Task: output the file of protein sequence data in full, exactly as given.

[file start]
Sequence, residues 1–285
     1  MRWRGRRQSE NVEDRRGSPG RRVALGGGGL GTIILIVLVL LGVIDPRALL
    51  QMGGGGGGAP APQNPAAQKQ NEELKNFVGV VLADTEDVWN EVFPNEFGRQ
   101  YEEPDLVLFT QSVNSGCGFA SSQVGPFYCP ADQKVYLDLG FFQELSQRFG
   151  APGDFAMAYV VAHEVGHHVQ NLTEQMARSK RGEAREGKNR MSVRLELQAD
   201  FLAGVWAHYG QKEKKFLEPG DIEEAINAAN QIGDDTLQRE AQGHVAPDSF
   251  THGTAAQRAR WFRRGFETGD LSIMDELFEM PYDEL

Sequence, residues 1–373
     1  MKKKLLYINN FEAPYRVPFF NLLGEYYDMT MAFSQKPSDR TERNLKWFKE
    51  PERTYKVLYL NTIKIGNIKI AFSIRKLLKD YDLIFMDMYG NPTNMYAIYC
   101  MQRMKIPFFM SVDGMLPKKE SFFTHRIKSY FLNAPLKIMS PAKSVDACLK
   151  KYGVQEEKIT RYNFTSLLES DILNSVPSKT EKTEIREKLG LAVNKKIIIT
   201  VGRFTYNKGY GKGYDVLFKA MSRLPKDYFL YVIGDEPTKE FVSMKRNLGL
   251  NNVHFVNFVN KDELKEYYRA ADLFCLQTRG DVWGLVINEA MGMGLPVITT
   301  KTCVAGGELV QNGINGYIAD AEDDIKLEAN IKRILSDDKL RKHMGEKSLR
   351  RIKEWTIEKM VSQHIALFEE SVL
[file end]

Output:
Sequence, residues 1–285
     1  MRWRGRRQSE NVEDRRGSPG RRVALGGGGL GTIILIVLVL LGVIDPRALL
    51  QMGGGGGGAP APQNPAAQKQ NEELKNFVGV VLADTEDVWN EVFPNEFGRQ
   101  YEEPDLVLFT QSVNSGCGFA SSQVGPFYCP ADQKVYLDLG FFQELSQRFG
   151  APGDFAMAYV VAHEVGHHVQ NLTEQMARSK RGEAREGKNR MSVRLELQAD
   201  FLAGVWAHYG QKEKKFLEPG DIEEAINAAN QIGDDTLQRE AQGHVAPDSF
   251  THGTAAQRAR WFRRGFETGD LSIMDELFEM PYDEL

Sequence, residues 1–373
     1  MKKKLLYINN FEAPYRVPFF NLLGEYYDMT MAFSQKPSDR TERNLKWFKE
    51  PERTYKVLYL NTIKIGNIKI AFSIRKLLKD YDLIFMDMYG NPTNMYAIYC
   101  MQRMKIPFFM SVDGMLPKKE SFFTHRIKSY FLNAPLKIMS PAKSVDACLK
   151  KYGVQEEKIT RYNFTSLLES DILNSVPSKT EKTEIREKLG LAVNKKIIIT
   201  VGRFTYNKGY GKGYDVLFKA MSRLPKDYFL YVIGDEPTKE FVSMKRNLGL
   251  NNVHFVNFVN KDELKEYYRA ADLFCLQTRG DVWGLVINEA MGMGLPVITT
   301  KTCVAGGELV QNGINGYIAD AEDDIKLEAN IKRILSDDKL RKHMGEKSLR
   351  RIKEWTIEKM VSQHIALFEE SVL